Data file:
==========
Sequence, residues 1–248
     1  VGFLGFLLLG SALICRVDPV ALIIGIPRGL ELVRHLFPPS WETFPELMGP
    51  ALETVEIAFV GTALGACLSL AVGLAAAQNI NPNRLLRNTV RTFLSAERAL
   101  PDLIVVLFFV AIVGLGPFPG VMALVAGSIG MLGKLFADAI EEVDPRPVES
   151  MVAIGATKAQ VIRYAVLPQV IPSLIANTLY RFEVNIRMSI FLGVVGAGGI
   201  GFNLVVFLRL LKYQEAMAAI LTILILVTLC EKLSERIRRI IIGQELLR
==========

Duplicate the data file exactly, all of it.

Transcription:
Sequence, residues 1–248
     1  VGFLGFLLLG SALICRVDPV ALIIGIPRGL ELVRHLFPPS WETFPELMGP
    51  ALETVEIAFV GTALGACLSL AVGLAAAQNI NPNRLLRNTV RTFLSAERAL
   101  PDLIVVLFFV AIVGLGPFPG VMALVAGSIG MLGKLFADAI EEVDPRPVES
   151  MVAIGATKAQ VIRYAVLPQV IPSLIANTLY RFEVNIRMSI FLGVVGAGGI
   201  GFNLVVFLRL LKYQEAMAAI LTILILVTLC EKLSERIRRI IIGQELLR